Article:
It was a good jab—and well-delivered—but that didn’t negate what happened next: Cruz proceeded to describe in detail why he doubted the staggering scientific consensus on climate change, arguing that the 17 years of satellite data have shown “zero warming.” This is a dubious claim, with Cruz promoting a narrow, misleading set of satellite data above all the other ways of tracking climate change, which have shown a conclusive, demonstrable increase in global temperature over the last several decades.
It was plainly obvious that this was not going to go well for anyone—especially the viewer at home.
In short, Meyers was right. But he might not have had the time, inclination, or specific knowledge of Cruz’s particular brand of denialism to effectively counter it. Cruz may have been the butt of a joke but he got the last laugh, lecturing Meyers’ audience on how Big Climate is lying to you about global warming—with just enough science-y sounding claims to sound like he knows what he’s talking about.
It’s the exact same reason that an early episode of Comedy Central’s The Nightly Show failed so hard with a panel on vaccines. Larry Wilmore’s three “voice of reason” panelists were two comedians and CBS News’ Dr. Holly Phillips, all of whom were unable to take on the panel’s lone autism ruther, Zooey O’Toole of Thinking Moms’ Revolution. On their website, the group describes themselves as not as an anti-vaccination group but as “a tight-knit group of parents… drawn to support each other.”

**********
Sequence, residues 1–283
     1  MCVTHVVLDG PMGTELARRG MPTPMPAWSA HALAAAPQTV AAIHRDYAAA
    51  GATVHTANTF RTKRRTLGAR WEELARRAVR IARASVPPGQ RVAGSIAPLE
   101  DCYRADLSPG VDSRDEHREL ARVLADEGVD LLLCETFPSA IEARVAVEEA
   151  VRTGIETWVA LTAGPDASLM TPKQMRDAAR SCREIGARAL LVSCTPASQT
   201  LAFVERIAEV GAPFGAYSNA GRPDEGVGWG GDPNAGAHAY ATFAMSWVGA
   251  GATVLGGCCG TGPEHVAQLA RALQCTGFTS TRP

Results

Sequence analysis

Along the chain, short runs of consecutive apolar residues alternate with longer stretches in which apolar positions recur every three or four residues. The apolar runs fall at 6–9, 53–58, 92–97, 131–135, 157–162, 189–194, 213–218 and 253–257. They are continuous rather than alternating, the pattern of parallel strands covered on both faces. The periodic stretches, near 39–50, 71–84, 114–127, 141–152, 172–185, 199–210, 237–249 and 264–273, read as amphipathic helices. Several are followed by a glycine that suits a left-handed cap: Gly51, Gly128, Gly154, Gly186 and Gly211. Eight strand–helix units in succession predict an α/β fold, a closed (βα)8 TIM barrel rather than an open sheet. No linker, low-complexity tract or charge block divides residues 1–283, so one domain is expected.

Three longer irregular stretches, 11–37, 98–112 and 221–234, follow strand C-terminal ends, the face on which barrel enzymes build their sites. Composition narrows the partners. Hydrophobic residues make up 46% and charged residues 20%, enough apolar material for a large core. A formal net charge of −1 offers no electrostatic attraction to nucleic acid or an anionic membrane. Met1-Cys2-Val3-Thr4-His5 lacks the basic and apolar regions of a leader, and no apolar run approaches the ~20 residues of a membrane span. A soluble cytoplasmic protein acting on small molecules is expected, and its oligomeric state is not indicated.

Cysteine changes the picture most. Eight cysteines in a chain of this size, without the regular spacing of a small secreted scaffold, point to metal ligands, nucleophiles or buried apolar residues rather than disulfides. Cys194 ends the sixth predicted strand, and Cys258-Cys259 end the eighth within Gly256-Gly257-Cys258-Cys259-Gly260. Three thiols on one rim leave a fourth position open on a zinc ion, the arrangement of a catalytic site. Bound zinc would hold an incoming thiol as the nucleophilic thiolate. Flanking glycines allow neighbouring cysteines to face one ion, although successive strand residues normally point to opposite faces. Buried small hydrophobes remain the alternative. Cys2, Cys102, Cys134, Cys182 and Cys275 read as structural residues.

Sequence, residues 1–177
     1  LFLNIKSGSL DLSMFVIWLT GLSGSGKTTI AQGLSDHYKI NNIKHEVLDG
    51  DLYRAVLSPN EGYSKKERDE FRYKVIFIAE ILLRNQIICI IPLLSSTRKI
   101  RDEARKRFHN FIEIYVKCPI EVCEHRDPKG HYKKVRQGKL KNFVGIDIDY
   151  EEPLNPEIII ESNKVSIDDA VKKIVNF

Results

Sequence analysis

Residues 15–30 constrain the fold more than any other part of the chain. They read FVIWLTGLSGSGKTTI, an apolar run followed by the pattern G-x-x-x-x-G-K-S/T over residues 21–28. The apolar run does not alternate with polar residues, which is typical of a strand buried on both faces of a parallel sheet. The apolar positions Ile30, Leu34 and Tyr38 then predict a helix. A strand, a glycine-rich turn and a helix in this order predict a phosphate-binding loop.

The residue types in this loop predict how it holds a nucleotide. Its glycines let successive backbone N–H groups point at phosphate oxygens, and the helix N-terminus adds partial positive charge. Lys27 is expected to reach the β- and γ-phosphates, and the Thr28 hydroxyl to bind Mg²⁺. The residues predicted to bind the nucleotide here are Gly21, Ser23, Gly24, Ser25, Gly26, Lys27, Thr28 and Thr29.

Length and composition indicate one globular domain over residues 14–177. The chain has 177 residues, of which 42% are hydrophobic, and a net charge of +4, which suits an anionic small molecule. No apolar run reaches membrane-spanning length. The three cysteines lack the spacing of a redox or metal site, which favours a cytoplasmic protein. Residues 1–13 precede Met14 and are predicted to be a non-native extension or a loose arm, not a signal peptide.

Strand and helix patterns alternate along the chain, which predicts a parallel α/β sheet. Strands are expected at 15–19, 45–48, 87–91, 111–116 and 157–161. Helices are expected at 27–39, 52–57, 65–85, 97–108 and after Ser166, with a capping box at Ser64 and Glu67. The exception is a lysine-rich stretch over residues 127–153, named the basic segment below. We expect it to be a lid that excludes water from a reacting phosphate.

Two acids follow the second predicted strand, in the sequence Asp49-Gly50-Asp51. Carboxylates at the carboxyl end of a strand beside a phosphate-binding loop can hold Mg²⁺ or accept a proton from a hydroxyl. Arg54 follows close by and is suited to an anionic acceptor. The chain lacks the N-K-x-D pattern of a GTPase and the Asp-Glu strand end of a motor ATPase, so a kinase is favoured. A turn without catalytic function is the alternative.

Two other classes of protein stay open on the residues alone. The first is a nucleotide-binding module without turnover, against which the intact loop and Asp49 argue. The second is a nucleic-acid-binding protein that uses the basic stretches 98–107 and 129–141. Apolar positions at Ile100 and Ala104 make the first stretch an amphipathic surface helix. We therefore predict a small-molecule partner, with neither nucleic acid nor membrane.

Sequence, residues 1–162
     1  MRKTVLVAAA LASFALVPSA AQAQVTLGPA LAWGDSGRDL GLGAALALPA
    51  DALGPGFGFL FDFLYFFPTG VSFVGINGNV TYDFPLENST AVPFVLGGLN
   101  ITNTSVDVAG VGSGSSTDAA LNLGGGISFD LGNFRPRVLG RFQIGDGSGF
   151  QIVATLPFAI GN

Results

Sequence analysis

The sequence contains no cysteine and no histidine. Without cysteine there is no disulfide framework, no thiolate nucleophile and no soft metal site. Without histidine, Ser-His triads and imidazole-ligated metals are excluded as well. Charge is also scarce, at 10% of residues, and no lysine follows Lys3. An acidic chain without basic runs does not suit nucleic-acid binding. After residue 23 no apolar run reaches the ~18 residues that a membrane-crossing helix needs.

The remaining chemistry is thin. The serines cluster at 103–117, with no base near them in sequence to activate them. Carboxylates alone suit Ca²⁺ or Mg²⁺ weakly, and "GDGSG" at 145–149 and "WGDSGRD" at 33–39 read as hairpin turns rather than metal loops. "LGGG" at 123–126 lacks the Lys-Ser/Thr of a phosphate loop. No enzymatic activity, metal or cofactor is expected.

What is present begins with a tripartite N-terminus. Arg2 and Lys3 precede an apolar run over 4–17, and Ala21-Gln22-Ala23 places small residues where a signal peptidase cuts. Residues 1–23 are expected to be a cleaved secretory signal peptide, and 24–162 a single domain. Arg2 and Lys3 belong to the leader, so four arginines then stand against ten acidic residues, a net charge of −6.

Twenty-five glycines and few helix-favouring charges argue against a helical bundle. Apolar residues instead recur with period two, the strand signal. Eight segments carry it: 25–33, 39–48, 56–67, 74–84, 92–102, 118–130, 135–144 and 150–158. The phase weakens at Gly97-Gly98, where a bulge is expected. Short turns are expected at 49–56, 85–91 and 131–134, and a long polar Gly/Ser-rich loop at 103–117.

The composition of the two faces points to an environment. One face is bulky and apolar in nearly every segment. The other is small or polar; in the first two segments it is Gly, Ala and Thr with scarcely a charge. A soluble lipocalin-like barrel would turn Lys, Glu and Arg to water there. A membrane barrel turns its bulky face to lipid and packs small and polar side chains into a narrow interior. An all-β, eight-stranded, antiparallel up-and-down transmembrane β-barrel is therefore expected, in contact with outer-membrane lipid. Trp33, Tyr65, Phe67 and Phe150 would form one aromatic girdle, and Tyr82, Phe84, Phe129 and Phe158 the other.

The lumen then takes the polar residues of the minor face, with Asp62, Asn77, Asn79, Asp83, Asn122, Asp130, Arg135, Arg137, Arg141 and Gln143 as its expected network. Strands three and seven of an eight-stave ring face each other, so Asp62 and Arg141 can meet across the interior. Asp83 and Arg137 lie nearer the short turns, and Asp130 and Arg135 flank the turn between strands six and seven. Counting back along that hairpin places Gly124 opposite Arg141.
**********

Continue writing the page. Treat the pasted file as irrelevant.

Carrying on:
Inlander’s Daniel Walters argues that, thus, when it came to taking on O’Toole, it was always going to be a tall order for Wilmore’s panel. “For many viewers, a skeptical mom who deeply loves her son carries more weight than a thousand peer-reviewed studies,” Walters writes. But when it came to debunking misinformation on the subject, “nobody on the panel, not the least Wilmore, was the slightest bit prepared for the responsibility.” And this only made her false claims seem more credible and compelling.
Part of this has to do with the changing nature of the presidency in the Obama era, as the president has set the gold standard for charming-yet-on-message late night interviews. In a piece for the U.K.’s Telegraph, Peter Foster argued that politicians need to be able to appeal to the viewing public in order to have a shot at the White House. In the case of Gov. Scott Walker (R-Wisc.), Foster writes, “He is balding and—even his supporters would concede—a little bit boring. While his anti-celebrity been “part of the attractiveness“ of his campaign, Walker recently dropped out of the race.
But in between slow jamming the news and doing Letterman, Obama himself has struggled with the lines of infotainment. Barack Obama’s deeply offensive “Special Olympics” joke on The Tonight Show with Jay Leno in 2009 still ranks as one of the worst gaffes of his presidency, all because he was trying to play the late night game.
Cruz may have been the butt of a joke but he got the last laugh.
While blurring the lines of entertainment and politics has been a great decision for Obama’s personal brand and has helped long-shot presidential candidates like Gov. John Kasich (R-Ohio) and former Maryland governor Martin O’Malley reach a wider audience, it’s not a great precedent for our political system. Talk shows might occasionally strike viral gold, but it too seldom helps the public become more informed or educated about who we’re voting for—or what they stand for.
We’re all reminded of this every time we watch some wooden, disengaged candidate dodging softball questions on a Wednesday night, and we’d all be better off if candidates found something else to do with their time.
Chris Tognotti is a writer at Bustle and a contributor to the Daily Dot.
Screengrab via The Tonight Show Starring Jimmy Fallon/YouTube